Introduction had a chance at freedom in
There are two reasons that explain the tribulations that Harriet Jacobs went through in her life. Foremost, there is her being deemed black. Secondly, there is her being a member of the female gender. In this essay, I will show that her troubles are more attributable to her perceived race rather than her gender.
She faces all the following problems due to her race: her being a slave is wholly attributable to her being black; Dr. Flint obliterates Jacobs’ hopes of being freed by her lover; she is emotionally distressed after sacrificing her purity to hurt Dr. Flint; she suffers greatly on account of her son’s status as a slave; she is forced to live in hiding for seven years to escape Dr. Flint’s cruelty; Mr. Sands reneges on his promise to free her children; and, she eventually finds out that even in the North, she is maltreated on account of her race just like in the South.
To begin with, the root cause of Jacobs’ suffering is her status as a slave. Most importantly, her being a slave is wholly attributable to her being black. She would have had a chance at freedom in childhood but a promise made to her dying mother by her mistress was not kept. On her mother’s death, Jacobs had been left in the care of her mother’s mistress.
The mistress had promised to never let Jacobs and her siblings suffer, a promise she had made during the last moments of Jacobs’ mother: “on her deathbed her mistress promised her children should never suffer for a thing” (14). This promise to look after Jacobs and her siblings was kept, up to her mistresses’ death.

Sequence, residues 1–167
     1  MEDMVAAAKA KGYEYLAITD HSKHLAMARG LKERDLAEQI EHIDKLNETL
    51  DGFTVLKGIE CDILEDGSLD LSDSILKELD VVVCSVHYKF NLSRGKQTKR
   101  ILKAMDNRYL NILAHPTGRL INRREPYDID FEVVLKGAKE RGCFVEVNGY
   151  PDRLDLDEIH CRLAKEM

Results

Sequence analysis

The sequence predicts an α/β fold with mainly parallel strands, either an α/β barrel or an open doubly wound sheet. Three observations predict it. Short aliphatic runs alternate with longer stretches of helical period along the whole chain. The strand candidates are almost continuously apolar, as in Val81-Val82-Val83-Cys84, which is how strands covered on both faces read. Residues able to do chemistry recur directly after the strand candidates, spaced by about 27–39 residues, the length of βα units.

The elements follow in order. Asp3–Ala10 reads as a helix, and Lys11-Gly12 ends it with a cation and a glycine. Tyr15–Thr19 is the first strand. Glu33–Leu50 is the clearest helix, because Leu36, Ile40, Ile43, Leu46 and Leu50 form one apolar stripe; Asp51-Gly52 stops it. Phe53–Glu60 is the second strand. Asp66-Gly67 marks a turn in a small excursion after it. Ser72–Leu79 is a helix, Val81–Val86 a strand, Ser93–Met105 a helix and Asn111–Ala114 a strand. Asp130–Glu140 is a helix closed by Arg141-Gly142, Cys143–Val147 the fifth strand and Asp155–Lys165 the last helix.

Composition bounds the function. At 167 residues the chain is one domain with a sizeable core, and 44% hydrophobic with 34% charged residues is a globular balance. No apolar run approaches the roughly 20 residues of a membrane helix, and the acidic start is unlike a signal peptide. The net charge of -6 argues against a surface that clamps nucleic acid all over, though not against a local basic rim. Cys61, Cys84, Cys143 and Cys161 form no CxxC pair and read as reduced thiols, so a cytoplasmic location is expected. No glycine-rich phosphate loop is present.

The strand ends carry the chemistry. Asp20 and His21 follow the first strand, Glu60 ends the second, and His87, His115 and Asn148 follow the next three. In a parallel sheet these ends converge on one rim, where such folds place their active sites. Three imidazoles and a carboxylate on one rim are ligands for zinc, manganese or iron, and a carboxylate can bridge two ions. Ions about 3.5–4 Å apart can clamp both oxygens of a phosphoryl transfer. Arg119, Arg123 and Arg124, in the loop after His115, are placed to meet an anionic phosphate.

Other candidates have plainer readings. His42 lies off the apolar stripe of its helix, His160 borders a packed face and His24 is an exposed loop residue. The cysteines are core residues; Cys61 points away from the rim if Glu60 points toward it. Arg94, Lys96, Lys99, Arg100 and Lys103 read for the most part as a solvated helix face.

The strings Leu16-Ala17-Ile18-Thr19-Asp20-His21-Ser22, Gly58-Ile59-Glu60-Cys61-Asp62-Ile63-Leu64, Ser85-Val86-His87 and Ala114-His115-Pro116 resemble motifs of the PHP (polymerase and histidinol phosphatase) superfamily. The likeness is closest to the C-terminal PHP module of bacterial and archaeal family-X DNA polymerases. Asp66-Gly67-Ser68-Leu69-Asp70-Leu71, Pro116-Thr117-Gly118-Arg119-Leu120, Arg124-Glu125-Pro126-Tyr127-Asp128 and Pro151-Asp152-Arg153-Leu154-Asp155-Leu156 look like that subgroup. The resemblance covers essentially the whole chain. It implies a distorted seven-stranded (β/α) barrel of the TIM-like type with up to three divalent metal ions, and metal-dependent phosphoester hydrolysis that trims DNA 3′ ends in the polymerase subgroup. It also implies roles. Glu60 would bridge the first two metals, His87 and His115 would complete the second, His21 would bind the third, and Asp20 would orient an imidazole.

Instead of freeing 12 year old Jacobs, she bequeaths her to the five year old daughter of her sister. Jacobs realizes that a promise made to a dying slave is not at all binding and that her fate is solely the business of her masters. On this realization, she harbors great bitterness towards her dead mistress (16).
This act of disloyalty by her mistress was not carried out because Jacobs or her mother were women. Rather, it was for the reason that they were black, and therefore slaves, that her mother’s mistress found no reason to live up to her words. This would lead to Jacobs’ troubles at the hand of Dr. Flint and in her bid to escape from the south.
Secondly, Dr. Flint obliterates Jacobs’ hopes of being freed by her lover. When Jacobs falls in love with a free black man, Dr. Flint refuses to let her marry him saying that he would only allow her to get married if it were to one of his salves.